Apache-Talk @lexa.ru 

Inet-Admins @info.east.ru 

Filmscanners @halftone.co.uk 

Security-alerts @yandex-team.ru 

nginx-ru @sysoev.ru 

   


   


   















      :: Filmscanners
Filmscanners mailing list archive (filmscanners@halftone.co.uk)

[Date Prev][Date Next][Thread Prev][Thread Next][Date Index][Thread Index]

Re: filmscanners: ColorSteps?



These are the symptoms that I had experienced with scans from my Epson 
Perfection
1200U Photo - midtone gradients in steps with a blue-gray to blue-black cast 
and very
pale greens (that should have been rich green).  There was also a substantial 
loss of
detail in these areas of pale green.  I had defined these symptoms as 
posterization.
I thought the images were unacceptable and never tried printing them.  I did, 
however,
look at them in Photoshop 5.5 and Paint Shop Pro 6.0 and the images were the 
same when
viewed in both applications.  I am using an ATI All-in-Wonder Pro 128 display 
adapter
and was previously using a Rage Fury 128 - both using ATI Rage 128 
architecture.  I
did note that these problems occurred on scans from slightly over exposed 
negatives
and slightly under exposed transparencies.

I sent the scanned images to Epson, with the problem areas annotated, and they
concurred with what I described but said none of their scanners would do any 
better.
I returned the scanner and they are refunding my money.

I have a friend with an Epson Perfection 1640 who is very pleased with it.  He 
is
using a Mac (don't want to get another fire started here), but there were two 
things I
didn't do that you have pointed out.  one is I did not make a test print (I 
thought
what I saw on the screen would show up in the print).  And 2, I did not try the 
scan
using another display card.  I should mention, however, that I have another 
friend,
with an Epson 1200 Photo who is using a Matrox G-400 display adapter.  I have 
seen
similar symptoms on his scans although he insists that they are not as 
prevalent as on
my scans.  That is subjective because the scans were not of the same images.

After reading some of these posts I think I will ask my friend with the Epson
Perfection 1640 to scan some of my problem images and compare the results.

Good points to consider and this is only one example that makes this group 
worthwhile,

Jim



Arthur Entlich wrote:

> Richard,
>
> I ran into a problem with Photoshop 4.01 on the PC where it posterized
> badly when I did levels adjustments in 16 bit.  The problem did not
> occur if I worked in 8 bit.  It usually happened in midtones going quite
> dark blue-black.
>
> I never printed these so, I have no idea what they would have looked
> like. However, I was told by some it was probably a graphic/video card
> driver problem.  I had upgraded to the newest version, so I contacted
> Diamond, my videocard manufacturer.  They admitted there were some
> incompatibilities with the card I had and Photoshop, and suggested I
> update the card on a trade in basis.
>
> On a last attempt, I upgraded to Photoshop 5.0, and magically the
> problem went away, so it was either a PS and Diamond problem, or a PS
> only problem, but it's gone now, and I did not replace my videocard or
> have I upgraded the driver since.
>
> I recognize your situation is on a Mac, and I don't know if any of this
> relates, but obviously PS Version 4 for Windows was buggy.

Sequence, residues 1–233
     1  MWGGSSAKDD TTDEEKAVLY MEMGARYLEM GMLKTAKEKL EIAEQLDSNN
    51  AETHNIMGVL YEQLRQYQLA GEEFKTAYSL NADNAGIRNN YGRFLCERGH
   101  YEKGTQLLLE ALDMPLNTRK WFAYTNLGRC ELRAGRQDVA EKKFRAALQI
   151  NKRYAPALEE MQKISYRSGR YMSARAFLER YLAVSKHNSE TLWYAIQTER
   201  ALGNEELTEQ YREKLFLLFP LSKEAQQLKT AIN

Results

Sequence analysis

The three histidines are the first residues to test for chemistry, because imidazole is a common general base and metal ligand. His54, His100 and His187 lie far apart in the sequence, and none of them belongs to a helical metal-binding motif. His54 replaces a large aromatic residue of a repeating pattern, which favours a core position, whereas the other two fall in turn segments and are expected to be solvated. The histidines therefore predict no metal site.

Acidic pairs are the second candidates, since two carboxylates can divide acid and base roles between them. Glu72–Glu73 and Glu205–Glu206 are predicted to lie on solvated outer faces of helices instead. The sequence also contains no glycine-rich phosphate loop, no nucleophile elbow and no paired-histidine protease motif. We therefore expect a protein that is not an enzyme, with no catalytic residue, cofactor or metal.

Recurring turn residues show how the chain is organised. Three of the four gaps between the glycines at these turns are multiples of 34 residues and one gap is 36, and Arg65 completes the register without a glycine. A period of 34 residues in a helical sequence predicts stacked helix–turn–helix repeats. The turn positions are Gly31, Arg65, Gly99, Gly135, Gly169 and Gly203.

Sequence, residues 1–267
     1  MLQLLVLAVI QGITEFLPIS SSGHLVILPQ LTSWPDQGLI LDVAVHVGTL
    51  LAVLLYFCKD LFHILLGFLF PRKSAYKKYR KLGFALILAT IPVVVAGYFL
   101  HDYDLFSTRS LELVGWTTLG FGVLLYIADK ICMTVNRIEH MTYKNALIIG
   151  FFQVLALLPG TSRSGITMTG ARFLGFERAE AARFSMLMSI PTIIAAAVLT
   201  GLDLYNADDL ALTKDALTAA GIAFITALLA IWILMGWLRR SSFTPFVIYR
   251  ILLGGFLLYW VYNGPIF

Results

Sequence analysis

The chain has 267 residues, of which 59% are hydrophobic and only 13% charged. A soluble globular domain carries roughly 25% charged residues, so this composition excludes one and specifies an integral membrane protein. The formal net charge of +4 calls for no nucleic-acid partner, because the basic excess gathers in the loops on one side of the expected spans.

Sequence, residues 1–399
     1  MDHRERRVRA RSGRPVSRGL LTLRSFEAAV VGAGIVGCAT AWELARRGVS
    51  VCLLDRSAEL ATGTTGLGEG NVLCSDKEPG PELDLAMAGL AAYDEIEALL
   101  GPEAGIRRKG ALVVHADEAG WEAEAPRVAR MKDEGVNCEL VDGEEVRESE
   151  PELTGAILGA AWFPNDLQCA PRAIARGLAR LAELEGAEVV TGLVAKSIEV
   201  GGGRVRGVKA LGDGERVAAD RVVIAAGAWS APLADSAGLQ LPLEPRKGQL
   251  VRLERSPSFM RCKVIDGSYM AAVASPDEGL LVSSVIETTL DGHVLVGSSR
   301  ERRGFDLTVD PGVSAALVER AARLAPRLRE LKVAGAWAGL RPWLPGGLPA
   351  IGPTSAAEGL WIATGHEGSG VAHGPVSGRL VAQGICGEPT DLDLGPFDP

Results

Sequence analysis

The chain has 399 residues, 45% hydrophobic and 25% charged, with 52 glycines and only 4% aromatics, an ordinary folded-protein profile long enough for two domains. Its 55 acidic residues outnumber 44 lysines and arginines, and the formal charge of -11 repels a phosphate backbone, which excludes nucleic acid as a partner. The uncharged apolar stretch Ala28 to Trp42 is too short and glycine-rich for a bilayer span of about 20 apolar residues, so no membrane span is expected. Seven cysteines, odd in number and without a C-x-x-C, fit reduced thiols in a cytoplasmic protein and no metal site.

>
> Art
>
> Richard Starr wrote:
>
> > --- You wrote:
> > You will be able to chack whether it is the file, or a problem with the
> > display/graphics system, by viewing the histogram. Contouring shows up as
> > missing bit values, leaving the histogram looking like a mangy dog's comb.
> >
> > What file type is this, and what processing has been done (and by what) en
> > route to the screen? And what scanner/software?
> > --- end of quote ---
> > Thanks for the answers to this.  I am still finding my way with my 
>semi-disabled
> > Nikon 3510AF.  Full resolution scans take 15 minutes and correcting the 
>color
> > misregistration takes 10 more.  Until I can afford a modern scanner, I'm 
>still
> > in the dark ages.  The film in one case is either Kodak 1000 negative film 
>or an
> > 800 negative film from maybe Agfa.   Definitley available light material 
>shot in
> > my little Olympus XA4 (a jewel.)  I would have done some curves or gamma
> > adjustments in Photoshop.  Maybe a curves adjustment in the Nikon software 
>for
> > one of the pictures.
> >
> > The odd thing is that the posterization seems to show in the display and 
>not in
> > the print.  This suggests a bug somewhere in the software or hardware.  It's
> > Photoshop 4.0.1 on a SuperMac with an ATI video board and a Sony monitor.  
>It's
> > all good stuff.
> >
> > Still, this  Photoshop version  is a little buggy, I think.  I used to use 
>this
> > version on a 68000 Mac and it worked better with regard to previews anyway. 
> On
> > the PPC Mac (it installs as a ppc version)    checking and unchecking 
>preview
> > boxes may or may not affect the display depending on the thing being 
>adjusted.
> > When the display is previewed, the adjustment affects the whole screen,  so 
>the
> > background becomes magenta or darker or whatever.   It's hard to make subtle
> > judgements that way even if the image fills most of the screen.  I don't 
>think
> > the 68k Mac version did these things.  Maybe later versions don't.
> >
> > (Holding the mouse down on the drag strip of the control window in many
> > functions does cause the display to go back to the unpreviewed version in 
>some
> > of the control windows but not all.  This seems to me to be sloppy 
>programming,
> > probably corrected in later versions. )
> >
> > So given these little probs with Photoshop, maybe there is something that 
>causes
> > slightly unreliable display.
> >
> > Rich




 




Copyright © Lexa Software, 1996-2009.